The Christian Hope

Romans

The Christian Hope

February 6th, 1955

Romans 15:4-13

For whatsoever things were written aforetime were written for our learning, that we through patience and comfort of the scriptures might have hope. Now the God of patience and consolation grant you to be likeminded one toward another according to Christ Jesus: That ye may with one mind and one mouth glorify God, even the Father of our Lord Jesus Christ. Wherefore receive ye one another, as Christ also received us to the glory of God. Now I say that Jesus Christ was a minister of the circumcision for the truth of God, to confirm the promises made unto the fathers: And that the Gentiles might glorify God for his mercy; as it is written, For this cause I will confess to thee among the Gentiles, and sing unto thy name. And again he saith, Rejoice, ye Gentiles, with his people. And again, Praise the Lord, all ye Gentiles; and laud him, all ye people. And again, Esaias saith, There shall be a root of Jesse, and he that shall rise to reign over the Gentiles; in him shall the Gentiles trust. Now the God of hope fill you with all joy and peace in believing, that ye may abound in hope, through the power of the Holy Ghost.
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THE CHRISTIAN HOPE

Dr. W. A. Criswell

Romans 15:4-13

2-6-55    10:50 a.m.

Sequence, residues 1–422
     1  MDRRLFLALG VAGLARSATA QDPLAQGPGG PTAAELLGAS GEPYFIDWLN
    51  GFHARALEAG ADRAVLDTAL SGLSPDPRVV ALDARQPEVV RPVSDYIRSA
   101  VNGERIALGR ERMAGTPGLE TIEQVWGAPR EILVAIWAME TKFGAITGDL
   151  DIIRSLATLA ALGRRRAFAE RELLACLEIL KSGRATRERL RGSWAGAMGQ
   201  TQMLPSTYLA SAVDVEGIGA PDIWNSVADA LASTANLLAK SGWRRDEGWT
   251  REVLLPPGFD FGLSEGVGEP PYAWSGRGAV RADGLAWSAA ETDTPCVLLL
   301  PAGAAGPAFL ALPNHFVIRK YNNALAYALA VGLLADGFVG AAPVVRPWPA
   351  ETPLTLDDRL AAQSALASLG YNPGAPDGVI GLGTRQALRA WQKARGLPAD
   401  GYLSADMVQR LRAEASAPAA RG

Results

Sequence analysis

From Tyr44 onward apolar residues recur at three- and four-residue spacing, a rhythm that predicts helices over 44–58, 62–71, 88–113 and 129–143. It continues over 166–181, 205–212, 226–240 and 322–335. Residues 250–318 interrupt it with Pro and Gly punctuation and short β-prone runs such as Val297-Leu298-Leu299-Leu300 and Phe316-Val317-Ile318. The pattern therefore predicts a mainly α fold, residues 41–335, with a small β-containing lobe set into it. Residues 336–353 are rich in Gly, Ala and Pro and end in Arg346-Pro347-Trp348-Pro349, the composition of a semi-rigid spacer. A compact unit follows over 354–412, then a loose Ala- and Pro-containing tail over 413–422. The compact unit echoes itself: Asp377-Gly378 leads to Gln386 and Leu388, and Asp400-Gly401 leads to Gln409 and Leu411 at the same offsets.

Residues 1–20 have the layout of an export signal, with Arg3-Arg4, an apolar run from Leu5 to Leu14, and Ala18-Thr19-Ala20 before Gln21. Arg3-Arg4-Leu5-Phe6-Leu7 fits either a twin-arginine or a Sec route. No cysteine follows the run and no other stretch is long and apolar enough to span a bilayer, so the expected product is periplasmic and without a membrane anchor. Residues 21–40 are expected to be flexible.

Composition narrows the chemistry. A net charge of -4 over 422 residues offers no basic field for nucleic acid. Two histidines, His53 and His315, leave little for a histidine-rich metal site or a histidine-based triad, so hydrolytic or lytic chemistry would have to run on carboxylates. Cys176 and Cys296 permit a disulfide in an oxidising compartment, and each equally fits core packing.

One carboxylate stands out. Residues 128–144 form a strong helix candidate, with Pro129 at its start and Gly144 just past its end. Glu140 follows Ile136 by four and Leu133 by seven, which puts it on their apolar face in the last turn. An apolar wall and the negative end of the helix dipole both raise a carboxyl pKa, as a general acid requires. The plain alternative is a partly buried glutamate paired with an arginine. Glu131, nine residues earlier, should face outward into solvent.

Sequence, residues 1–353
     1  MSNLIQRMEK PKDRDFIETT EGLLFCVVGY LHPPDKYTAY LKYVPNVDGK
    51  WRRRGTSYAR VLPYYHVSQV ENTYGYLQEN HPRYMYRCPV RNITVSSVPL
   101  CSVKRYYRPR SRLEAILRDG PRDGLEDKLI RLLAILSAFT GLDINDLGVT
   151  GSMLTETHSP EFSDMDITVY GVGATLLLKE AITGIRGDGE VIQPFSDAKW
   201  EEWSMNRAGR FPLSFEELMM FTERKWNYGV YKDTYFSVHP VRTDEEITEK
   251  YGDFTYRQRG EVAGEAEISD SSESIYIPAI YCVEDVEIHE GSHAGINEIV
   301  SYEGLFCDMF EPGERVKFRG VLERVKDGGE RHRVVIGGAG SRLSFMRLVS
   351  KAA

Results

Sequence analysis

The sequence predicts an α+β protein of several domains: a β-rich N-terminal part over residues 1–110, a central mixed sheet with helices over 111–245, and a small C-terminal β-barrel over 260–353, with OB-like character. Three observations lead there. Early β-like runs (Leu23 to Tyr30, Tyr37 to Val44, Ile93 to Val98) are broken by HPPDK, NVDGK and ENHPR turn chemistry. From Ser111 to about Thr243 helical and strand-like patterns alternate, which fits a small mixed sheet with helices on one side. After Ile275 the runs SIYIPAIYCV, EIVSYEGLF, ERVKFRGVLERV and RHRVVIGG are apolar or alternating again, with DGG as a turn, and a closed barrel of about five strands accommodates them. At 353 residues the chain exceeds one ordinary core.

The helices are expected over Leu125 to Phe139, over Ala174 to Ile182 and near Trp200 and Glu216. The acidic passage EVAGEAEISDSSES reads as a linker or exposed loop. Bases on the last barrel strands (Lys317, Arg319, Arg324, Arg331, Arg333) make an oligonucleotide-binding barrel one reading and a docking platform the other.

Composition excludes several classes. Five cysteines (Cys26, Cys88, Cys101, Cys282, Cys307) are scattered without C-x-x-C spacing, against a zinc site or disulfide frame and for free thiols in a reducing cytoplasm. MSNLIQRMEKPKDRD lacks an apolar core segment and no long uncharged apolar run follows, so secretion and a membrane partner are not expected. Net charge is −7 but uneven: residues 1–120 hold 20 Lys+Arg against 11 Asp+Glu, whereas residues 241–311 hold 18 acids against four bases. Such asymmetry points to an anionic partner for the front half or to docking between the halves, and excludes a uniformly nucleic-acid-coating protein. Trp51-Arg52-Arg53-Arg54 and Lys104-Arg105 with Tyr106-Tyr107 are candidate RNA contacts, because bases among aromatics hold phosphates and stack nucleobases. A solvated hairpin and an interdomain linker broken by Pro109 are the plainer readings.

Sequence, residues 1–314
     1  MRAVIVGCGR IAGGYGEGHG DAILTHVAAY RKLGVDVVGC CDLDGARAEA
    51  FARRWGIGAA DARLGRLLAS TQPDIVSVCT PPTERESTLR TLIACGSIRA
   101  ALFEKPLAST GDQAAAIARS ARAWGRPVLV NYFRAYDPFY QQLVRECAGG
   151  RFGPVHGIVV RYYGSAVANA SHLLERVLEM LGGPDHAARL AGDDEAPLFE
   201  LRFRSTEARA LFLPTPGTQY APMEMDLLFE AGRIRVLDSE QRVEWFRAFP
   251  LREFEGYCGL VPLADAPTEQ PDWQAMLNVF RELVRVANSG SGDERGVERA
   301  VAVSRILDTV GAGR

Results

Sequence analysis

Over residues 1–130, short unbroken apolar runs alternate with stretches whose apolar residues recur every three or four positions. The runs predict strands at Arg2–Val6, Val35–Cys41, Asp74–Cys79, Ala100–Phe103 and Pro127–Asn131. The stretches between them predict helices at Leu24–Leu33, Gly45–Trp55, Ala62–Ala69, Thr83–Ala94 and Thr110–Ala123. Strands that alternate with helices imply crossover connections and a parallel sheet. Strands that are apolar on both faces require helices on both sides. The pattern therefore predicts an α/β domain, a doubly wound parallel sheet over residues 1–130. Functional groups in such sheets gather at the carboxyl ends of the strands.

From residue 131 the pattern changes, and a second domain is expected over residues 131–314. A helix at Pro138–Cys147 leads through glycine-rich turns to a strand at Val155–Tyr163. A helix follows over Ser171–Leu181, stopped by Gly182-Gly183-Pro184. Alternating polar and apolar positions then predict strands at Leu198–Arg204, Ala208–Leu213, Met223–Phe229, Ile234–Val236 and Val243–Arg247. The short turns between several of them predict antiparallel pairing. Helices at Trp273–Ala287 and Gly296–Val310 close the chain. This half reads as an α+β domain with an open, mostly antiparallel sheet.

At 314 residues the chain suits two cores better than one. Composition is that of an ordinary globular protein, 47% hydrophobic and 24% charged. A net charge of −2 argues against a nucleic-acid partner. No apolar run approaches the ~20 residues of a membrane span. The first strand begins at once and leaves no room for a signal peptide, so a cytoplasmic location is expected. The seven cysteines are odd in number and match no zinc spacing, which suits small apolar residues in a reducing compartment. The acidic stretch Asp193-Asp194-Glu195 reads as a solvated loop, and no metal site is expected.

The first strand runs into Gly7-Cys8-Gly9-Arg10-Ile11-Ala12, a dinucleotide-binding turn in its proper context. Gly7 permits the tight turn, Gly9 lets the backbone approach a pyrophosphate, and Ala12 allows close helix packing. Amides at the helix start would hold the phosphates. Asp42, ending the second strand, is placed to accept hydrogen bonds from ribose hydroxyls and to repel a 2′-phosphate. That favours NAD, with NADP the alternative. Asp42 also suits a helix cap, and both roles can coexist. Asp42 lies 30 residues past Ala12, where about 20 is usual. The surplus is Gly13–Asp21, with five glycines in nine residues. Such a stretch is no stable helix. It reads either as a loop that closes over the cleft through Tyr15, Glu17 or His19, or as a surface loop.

You’re listening to the services of the downtown First Baptist Church in Dallas, Texas, and this is the pastor bringing the morning message entitled The Christian Hope, the God of Hope; and the reading of the text is in the fifteenth chapter of the Book of Romans, the fourth and the thirteenth verses:

"For whatsoever things were written aforetime were written for our learning, that we through patience and comfort of the Scriptures, might have hope" [Romans 15:4].  And the thirteenth verse: "Now the God of hope fill you with all joy and peace in believing, that ye may abound in hope through the power of the Holy Spirit" [Romans 15:13].  And I repeat the last verse: "Now the God of hope fill you with all joy and peace in believing, that ye may abound in hope through the power of the Holy Spirit" [Romans 15:13].

The most precious and priceless possession of any human heart or life is this: that we have hope.  However dark or dreary, however hard and implacable our way, if there can just be the tomorrow – the someday, this other hour – it’ll come; and with it, it will bring the joy of another day, of a new opportunity.  It will bring surcease from sorrow.  It will bring freedom from this burden.  It will bring liberty to this intolerable captivity.  However it may be now in body, soul, heart, or life, if we have a hope, anything can be endured.

But anything becomes unendurable and the whole earth is filled with darkness and despair when hope dies away [Proverbs 13:12]. There’s not any better tomorrow. There’s not any liberty. There’s not any freedom. There’s not any surcease. There’s not any light. There’s not any blessing.  It is hopeless, and the light dies away.

Zeno, the founder and first philosopher of the Stoics preaching courage and moral fortitude; and his philosophy, though he started it over 300 years before Christ, is a tremendous philosophy today.  His very system is an adjective in our language.  A Stoic: meeting trial and privation like a Stoic with great indomitable fortitude – Stoicism.  But Zeno the Stoic took his own life and died a suicide.